“The tale begins when all those who had escaped the pit of destruction were safe in their own lands, spared by wars and seas. Only Odysseus was held elsewhere, pining for home and wife; the Nymphe Kalypso, a goddess of strange power and beauty, had kept him captive within her arching caverns, yearning for him to be her husband.”
— Homer, The Odyssey
There’s always that one obstacle, isn’t there? That one obstruction on the road that would otherwise have made an uneventful trip. That one wall to jump over before reaching the finish line. That one last gasp of air you simply must take before swimming to the other side of the pool. How dare the person or circumstance that created this obstacle do so to shake you out of your complacency! The nerve of them to pull you out of your comfort zone so as to make you reconsider all you thought sacrosanct! And who the hell are they to judge you simply because you – who longs for a break from the usual – fail to see the irony of having your wish fulfilled?
What did this have to be the essence of drama? And why did my obstacle have to be a 9-year-old girl?
When I was selected to be a writer for this year’s Olympians Fest, I was surprised that my chosen proposal was – for lack of a better term – the least ambitious; not just for this year’s roster, but for all the proposals I’d submitted. When writers are invited to submit proposals for the festival, there’s no limit placed on the number of proposals or subjects: one can opt for a straightforward, traditional retelling of their Greek God’s myth, or – as is more often the case – you can dress it up in fancy new clothing. Of the 24 gods being covered this year, I submitted about six proposals they ranged from Grimm-like faerie tale to ‘60s spy film parody to biblical sci-fi epic to a good old fashioned horror story. Which one got picked? The one with the three people talking. Seriously. My other proposals were shameless genre fare, but the one I wrote for the disgraced god Atlas was pretty much a Richard Linklater script where everyone is named after Greek mythological figures.
What’s been rewarding about taking on this “unambitious” piece is that I find it much more challenging than if I’d won with one of my more outlandish proposals. The reason for that is because this story is the most personal. Set in the Northern California of 1995, the piece draws a great deal from my life at that time and place. So much so that revisiting the person I was then makes me uncomfortable. But it’s forced me to come to terms with the person I was then and how it’s affected the person I am now. As such, the character more-or-less based on me, Herc, has been relatively easy to write. So too have I had little trouble writing Mr. A, the guilty Catholic Super-Ego of the piece.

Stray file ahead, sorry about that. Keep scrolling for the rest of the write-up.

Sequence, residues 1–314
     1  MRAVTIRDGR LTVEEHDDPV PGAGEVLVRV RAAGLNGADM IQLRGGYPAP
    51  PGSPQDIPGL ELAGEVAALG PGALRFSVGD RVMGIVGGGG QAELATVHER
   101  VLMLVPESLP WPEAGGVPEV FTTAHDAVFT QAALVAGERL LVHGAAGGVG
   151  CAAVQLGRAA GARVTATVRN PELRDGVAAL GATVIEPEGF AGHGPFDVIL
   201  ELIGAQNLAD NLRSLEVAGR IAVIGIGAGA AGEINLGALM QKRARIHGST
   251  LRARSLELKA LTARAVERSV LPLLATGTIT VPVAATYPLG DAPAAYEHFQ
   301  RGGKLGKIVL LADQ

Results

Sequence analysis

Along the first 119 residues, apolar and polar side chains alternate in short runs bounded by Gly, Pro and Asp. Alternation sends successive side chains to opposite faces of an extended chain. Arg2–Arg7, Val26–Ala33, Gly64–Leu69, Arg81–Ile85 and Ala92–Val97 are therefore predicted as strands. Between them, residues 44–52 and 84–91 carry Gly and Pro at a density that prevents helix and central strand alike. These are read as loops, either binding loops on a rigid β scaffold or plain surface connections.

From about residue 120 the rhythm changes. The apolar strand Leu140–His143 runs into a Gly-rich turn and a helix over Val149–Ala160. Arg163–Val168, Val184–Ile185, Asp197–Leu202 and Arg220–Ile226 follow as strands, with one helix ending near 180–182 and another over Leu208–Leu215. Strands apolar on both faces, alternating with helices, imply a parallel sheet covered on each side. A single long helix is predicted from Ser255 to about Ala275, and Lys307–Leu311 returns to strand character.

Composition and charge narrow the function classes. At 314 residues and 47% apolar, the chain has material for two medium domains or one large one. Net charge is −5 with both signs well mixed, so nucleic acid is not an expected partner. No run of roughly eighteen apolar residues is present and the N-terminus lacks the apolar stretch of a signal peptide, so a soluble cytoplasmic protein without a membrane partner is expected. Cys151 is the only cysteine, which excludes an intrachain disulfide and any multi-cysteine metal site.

No dear reader, the obstacle has come in the form of trying to write the play’s third character: Callie, my modern interpretation of the mythical Calypso.
For those not familiar: Calypso was an important character in The Odyssey, Homer’s epic poem of life after the Trojan War. Odysseus, King of Ithaca, is trying to return home to his queen, but is sidetracked by ten years’ worth of obstacles. One of those includes his ship crashing on the island of Ogygia, home of the nymph Calypso. She nurses him back to health, but seduces and “traps” him on the island to be her lover. Her plans are foiled by Athena, who sends Hermes to intervene. Not wanting to invoke the wrath of Zeus, to whom Hermes was messenger, Calypso reluctantly lets Odysseus free. His departure leaves her so heartbroken that she kills herself.
That story is often regarded as “spoiled girl getting her comeuppance” at best, “ancient Greek version of Fatal Attraction” at worst. There are far too many sources to name here, but the consensus seems to be that Calypso is one of the most ill-regarded or celebrated of ladies from ancient Greek mythos (seriously, do a web search – folks are pretty excited about her). She’s either regarded as the point in Odysseus’ journey when he jumps out of the frying pan of monsters and storms, and into the honeypot; or “the quintessential ancient Greek Feminist”. Nick Cave wrote a musical version of The Odyssey in which he calls her “a Nubian Goddess”, but sees her as nothing more than sexual distraction. I haven’t seen all of the Pirates of the Caribbean movies, but I’m told that all the bad goings-on are revealed to be the result of Calypso going lady-crazy over the pirate Davy Jones. Even Vanessa L. Williams’ portrayal of her in the 1997 made-for-tv film wasn’t sure which version it wanted to be: while sympathetic, the performance reeks of entitlement and prissiness that Williams would later use to better affect in her role in the sitcom Ugly Betty. (But it is a made-for-tv film, so subtlety might not have been a priority.)
As there are so many academic and artistic sources from which to glean interpretation, I won’t go into them here. Two friends, one a fellow Olympians writer, have recommended to me Rick Riordan’s Percy Jackson and The Olympians books, in which she reportedly plays a major role. For the record: I understand the “obstacle” nature of Calypso’s existence in that it’s Odysseus’ story and he is deterred just as easily by pleasure as danger. Having said that, I’m empathetic to Calypso because when a woman’s been stuck on an island for as long as she (remember, she’s immortal), can you blame her for getting more-than-a-little attached to her new companion (to say nothing of Hesiod’s Theogony which claims that their consummated relationship produced offspring)? This is the heartbroken woman watching her love sail away in that Suzanne Vega song.